Multi-trillion-dollar investment firm BlackRock well and truly landed in Aotearoa in the past month with a $2b green energy investment and plans to open an office on the shaky isles.

The New York-headquartered firm made its big splash in early August with the announcement of the private climate investment fund, which aims to back projects and businesses with an end goal of transitioning New Zealand to 100 percent renewable energy by 2030.

The business has had a New Zealand presence of sorts for about a decade now, first with AMP and, as of 2021, as ASB’s chief investment and portfolio management function.

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The ASB link means it manages more than $20b of New Zealanders’ money and is responsible for the second-largest KiwiSaver provider.

Despite being responsible for tens of billions of dollars in New Zealand, opening a beachhead office in New Zealand feels like a major step in such a small country, with BlackRock managing funds worth US$8.6 trillion.

Its scale completely eclipses New Zealand’s total household net worth of NZ$2.207 trillion (roughly US$1.4t).

Local presence

BlackRock registered an entity with the New Zealand Companies Office in late August and a spokesperson told Newsroom it intended to have an office up and running by the of the year.

The company has a lot of money to spend in a short timeframe in New Zealand with its ambitious climate fund, a heck of a lot of retirement money to manage, as well as offering eight exchange-traded funds alongside the NZX’s Smartshares business.

While it didn’t express interest in any further New Zealand investment opportunities in answering Newsroom’s questions, its Australasian chief executive Andrew Landman has previously told the NZ Herald the climate fund was just one part of future opportunities in New Zealand.

Despite a clear need for staff on the ground here, the idea of BlackRock extending its reach into this corner of the world will be cause for concern for the more conspiracy-minded, with the firm a fixture of global world order conspiracies due to its size and early adoption and promotion of environmental, social and governance investing principles.

With such a major move underway, how is BlackRock thinking about New Zealand?

Local economy

The investment firm likes to deal in five “mega forces”: artificial intelligence, the low-carbon transition, geopolitical fragmenting, an aging population and a reworking of the financial sector.

The low-carbon transition mega force is the most obvious link to its New Zealand operations, but the firm’s fund management activities mean it also takes a more granular view on our economy.

Speaking at a mid-year outlook media briefing at the firm’s Sydney office, BlackRock Australasia head of multi-asset portfolio solutions David Griffith said the company was treating New Zealand as a bellwether for how other economies might react to high inflation.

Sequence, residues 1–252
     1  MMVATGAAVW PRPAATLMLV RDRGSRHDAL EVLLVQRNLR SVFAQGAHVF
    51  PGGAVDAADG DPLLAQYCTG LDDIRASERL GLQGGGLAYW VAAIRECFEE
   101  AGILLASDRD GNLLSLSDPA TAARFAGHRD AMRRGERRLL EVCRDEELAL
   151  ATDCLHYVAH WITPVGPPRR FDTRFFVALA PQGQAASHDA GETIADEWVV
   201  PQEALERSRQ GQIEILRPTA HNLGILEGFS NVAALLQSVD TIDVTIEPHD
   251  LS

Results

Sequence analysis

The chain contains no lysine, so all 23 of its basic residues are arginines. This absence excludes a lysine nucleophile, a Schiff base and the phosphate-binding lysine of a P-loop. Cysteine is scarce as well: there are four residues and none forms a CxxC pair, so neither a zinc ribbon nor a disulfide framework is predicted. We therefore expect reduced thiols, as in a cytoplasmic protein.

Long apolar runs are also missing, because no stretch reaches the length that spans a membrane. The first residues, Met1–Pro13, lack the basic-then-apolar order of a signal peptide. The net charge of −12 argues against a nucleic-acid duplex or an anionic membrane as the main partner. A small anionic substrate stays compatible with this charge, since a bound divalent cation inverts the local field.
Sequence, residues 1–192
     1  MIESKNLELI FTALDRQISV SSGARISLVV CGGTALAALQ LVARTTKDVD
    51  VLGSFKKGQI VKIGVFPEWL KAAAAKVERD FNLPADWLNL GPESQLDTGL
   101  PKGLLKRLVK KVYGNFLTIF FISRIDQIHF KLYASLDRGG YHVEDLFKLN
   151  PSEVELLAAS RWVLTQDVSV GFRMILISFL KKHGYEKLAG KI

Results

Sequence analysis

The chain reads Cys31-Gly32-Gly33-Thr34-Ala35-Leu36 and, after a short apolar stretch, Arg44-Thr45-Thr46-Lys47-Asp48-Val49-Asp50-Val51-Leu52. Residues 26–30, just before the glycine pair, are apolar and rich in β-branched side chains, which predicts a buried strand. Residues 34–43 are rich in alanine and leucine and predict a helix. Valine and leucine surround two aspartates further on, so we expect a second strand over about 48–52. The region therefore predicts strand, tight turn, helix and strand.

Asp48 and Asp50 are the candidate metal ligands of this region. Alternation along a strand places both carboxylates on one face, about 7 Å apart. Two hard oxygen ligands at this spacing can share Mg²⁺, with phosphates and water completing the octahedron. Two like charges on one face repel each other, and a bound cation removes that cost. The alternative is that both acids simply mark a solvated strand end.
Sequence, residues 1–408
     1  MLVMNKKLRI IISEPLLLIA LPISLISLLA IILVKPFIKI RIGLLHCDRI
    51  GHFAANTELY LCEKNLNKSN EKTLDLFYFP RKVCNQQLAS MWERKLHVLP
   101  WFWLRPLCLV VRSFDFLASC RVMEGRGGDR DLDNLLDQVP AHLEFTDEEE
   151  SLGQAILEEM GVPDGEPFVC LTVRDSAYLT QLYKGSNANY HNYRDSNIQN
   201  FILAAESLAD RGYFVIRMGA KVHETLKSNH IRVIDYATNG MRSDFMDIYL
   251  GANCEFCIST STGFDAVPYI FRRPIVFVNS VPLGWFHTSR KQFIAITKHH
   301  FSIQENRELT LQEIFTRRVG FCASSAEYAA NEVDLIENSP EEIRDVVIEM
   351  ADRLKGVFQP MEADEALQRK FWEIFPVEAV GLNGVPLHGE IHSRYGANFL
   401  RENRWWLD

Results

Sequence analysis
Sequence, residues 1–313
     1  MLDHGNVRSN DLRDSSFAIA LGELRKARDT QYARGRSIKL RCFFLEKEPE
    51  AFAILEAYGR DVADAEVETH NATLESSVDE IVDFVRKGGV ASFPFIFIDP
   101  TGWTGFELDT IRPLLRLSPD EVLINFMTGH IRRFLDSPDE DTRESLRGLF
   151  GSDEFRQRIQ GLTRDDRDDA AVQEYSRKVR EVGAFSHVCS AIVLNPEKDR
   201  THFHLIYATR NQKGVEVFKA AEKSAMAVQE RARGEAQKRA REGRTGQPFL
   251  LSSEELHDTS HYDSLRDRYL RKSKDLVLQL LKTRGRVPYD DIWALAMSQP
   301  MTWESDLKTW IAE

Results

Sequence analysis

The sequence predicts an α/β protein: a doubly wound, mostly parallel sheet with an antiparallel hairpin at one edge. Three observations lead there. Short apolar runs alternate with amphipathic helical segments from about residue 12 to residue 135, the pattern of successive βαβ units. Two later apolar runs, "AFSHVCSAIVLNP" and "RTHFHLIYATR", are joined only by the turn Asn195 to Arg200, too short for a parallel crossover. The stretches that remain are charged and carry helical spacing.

The Reserve Bank of New Zealand was one of the first central banks to begin aggressively hiking interest rates when it made its first move in November 2021 with inflation at 4.9 percent.

Griffith compared that to the US Fed, which started its rate hikes in March 2022.

“Inflation peaked in New Zealand [at] about 7.3 percent and it’s only come down to about 6 percent, whereas you compare that to the US economy, inflation peaked at about 9 percent and is now coming closer to where the central bank’s upper end of the inflation expectations are.”

The old normal

Griffith said this played into a wider trend BlackRock’s investment team was seeing around a new normal, or perhaps an old normal, as interest rates reverted to the higher levels seen before the global financial crisis.

“It’s a bit of a regime shift in terms of the way central banks are thinking and they’ll be less willing to come to the party to cut rates.”

This makes the period of low interest rates seen between the GFC and the emergence of unacceptable levels of inflation during the pandemic an anomaly rather than the norm.

This has seen interest rate-sensitive sectors such as the housing market slow down and overall economic growth is expected to stall.

Griffith said this meant its New Zealand investment activities were “modestly cautious” around the outlook for equities and growth assets, favouring emerging market equities over New Zealand and Australian stocks.

“If you look at price earnings, particularly on the New Zealand equity market, it is quite highly valued or overvalued at 30 times price earnings, compared to the US around 20 times and here in Australia, it’s about 15 times.

“So we just see better value in global equities, and emerging market equities in particular.”

As far as fixed assets go, BlackRock’s Australasian portfolios hold positions in New Zealand and US inflationary bonds and have a small allocation to gold.

New Zealand’s close trade relationship with China could be another cause for concern for local investors, but Griffith said the Chinese economy was part of the emerging market theme BlackRock was working with.

He said while China’s growth was slowing from the highs of the past, an expected 3 percent growth going forward was still quite an attractive story when other trading partners were facing a flatlined or near-zero GDP growth.

“China’s in the luxurious position of not having such an inflation problem as there is elsewhere and they have the ability to stimulate the economy, which will be good for the export market of New Zealand so there’s upside optionality there.”

ASB Bank funded Newsroom’s travel to attend BlackRock’s mid-year media briefing.

Andrew Bevin is an Auckland-based business reporter who covers major industries, markets, regulation, aged care and fisheries.

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